Owing to the large number of cats waiting to come into rescue, the Chiltern Branch of Cats Protection (which covers Chesham) is looking for new volunteers. They think that retired people would make excellent fosterers. Their Secretary, Kathryn Graves, spoke to Dana (who fosters in London) to find out what it’s like to be a retired fosterer.
Dana became a fosterer for Cats Protection more than 12 years ago. Her elderly cat had passed away, and she missed having feline company, but being recently retired she wanted to be able to go on holiday whenever she liked without having to worry about finding someone to care for a new pet whilst she was away. It turns out that fostering suited her perfectly.
Dana fosters by taking a cat into her home for as long as it takes to find someone who wants to adopt the cat. Sometimes this is just a few weeks, but it can take months if a cat is harder to home (it is more difficult to find adopters for elderly cats, shy cats or cats with medical conditions). She has also fostered litters of kittens; they will spend 3 to 4 months with her whilst she socialises them and gets them used to living in a home, so that they are ready to become perfect pets! Dana lets new foster cats settle in by giving them their own space in a quiet room, but eventually they will have free reign of the house – just as a pet cat would. This means she gets to enjoy having a cat around, but she doesn’t have to pay for food or medical bills, and she can take a break from fostering whenever she wants to go on holiday.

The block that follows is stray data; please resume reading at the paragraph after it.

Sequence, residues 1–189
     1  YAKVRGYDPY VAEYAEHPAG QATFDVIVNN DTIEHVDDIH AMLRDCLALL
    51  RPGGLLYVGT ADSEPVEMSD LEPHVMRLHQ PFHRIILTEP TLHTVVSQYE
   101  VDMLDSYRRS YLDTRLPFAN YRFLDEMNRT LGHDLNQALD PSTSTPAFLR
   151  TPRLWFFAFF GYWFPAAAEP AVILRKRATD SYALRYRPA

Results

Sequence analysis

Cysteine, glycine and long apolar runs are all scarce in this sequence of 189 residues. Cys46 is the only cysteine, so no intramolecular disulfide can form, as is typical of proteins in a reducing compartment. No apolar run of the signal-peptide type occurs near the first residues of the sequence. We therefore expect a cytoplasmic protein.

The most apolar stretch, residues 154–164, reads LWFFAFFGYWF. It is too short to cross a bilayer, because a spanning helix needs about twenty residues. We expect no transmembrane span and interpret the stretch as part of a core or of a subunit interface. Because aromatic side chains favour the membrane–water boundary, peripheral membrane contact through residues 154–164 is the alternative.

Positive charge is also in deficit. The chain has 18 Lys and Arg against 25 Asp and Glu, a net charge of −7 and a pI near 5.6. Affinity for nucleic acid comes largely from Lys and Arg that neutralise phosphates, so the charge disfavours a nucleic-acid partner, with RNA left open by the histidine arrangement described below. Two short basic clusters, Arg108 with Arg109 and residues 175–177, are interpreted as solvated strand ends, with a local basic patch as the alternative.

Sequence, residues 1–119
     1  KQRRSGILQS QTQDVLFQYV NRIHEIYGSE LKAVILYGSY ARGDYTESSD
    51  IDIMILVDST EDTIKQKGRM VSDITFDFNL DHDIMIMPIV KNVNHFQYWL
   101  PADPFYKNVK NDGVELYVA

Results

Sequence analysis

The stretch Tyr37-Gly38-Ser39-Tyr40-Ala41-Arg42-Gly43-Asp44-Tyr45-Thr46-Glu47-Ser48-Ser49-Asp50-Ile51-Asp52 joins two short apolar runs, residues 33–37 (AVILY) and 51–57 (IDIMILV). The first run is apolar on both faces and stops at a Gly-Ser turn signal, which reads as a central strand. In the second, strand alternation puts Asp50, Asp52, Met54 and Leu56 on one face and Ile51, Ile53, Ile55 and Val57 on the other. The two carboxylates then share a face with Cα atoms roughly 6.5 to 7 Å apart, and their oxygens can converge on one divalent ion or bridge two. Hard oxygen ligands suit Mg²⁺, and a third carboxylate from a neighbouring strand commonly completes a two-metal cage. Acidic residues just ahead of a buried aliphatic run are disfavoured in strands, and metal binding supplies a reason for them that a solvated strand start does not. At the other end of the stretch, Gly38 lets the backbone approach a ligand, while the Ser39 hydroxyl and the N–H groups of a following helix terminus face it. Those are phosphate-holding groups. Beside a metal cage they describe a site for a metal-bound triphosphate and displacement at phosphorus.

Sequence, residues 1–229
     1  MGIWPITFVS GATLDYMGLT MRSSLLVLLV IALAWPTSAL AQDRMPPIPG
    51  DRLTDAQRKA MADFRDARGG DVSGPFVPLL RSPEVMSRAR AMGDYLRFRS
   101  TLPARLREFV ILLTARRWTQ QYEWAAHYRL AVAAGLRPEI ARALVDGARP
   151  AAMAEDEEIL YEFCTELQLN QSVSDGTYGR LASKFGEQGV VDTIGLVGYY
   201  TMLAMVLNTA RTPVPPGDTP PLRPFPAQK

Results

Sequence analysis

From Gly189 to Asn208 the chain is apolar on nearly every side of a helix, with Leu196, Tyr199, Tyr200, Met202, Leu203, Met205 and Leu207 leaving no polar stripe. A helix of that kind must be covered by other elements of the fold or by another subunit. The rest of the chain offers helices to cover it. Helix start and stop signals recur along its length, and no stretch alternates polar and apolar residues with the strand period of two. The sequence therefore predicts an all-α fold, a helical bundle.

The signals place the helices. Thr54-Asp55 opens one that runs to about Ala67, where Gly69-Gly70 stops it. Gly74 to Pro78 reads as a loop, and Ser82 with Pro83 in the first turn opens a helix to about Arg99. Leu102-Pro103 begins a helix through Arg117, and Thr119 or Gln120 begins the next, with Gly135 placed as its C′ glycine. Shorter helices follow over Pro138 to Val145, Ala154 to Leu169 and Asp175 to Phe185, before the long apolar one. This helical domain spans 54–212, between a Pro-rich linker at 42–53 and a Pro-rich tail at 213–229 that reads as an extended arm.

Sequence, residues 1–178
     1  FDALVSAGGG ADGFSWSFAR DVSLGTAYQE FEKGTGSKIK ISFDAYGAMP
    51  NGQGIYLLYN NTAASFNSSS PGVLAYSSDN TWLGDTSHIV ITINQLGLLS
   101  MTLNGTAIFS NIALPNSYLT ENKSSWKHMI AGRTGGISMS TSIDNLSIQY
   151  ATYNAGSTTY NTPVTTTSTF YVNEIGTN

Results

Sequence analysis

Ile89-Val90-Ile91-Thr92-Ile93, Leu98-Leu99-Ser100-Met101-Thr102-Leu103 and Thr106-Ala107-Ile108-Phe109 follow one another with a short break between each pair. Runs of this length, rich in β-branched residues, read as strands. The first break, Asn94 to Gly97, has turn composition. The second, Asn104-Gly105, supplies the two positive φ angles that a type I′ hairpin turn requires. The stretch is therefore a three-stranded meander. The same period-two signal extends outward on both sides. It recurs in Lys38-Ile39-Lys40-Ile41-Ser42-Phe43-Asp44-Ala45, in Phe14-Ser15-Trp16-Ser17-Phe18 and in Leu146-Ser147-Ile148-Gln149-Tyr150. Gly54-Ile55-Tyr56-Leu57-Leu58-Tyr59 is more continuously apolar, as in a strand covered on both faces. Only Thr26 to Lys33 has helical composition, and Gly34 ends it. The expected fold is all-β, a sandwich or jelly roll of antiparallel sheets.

Dana said the best thing about fostering is having ‘another little someone’ in the house to care for. And she said it was a joy to learn about each cat and their personality. Every cat is different and over the years she’s had some very memorable personalities to stay, such as Blizzard the Water Cat; he would come running every time he heard water and would sit on the end of the bath – he just couldn’t resist the wet stuff!
The reason why retired people make excellent fosterers is because they can give time to the cats in their care; giving cats a sense of security around people – no matter how sad their background story may be. Dana also said that thanks to all her life experience, she is very relaxed about whatever situation comes her way; she doesn’t get stressed and just does her best to help the cats. She also said she gets tremendous satisfaction from knowing that she’s contributing to a cat’s welfare.
Dana said that she gets all the help and support that she needs from her local branch of Cats Protection, and that fostering doesn’t cost her a thing. Her advice to anyone considering fostering? “Just go for it; if it’s not for you, you lose nothing, but you could open up a whole new world for yourself”.
If you’d like to talk to Chiltern Cats Protection to find out more about fostering, please leave us a message on 0345 260 2396 and we’ll call you back, or email Kathryn on firstname.lastname@example.org.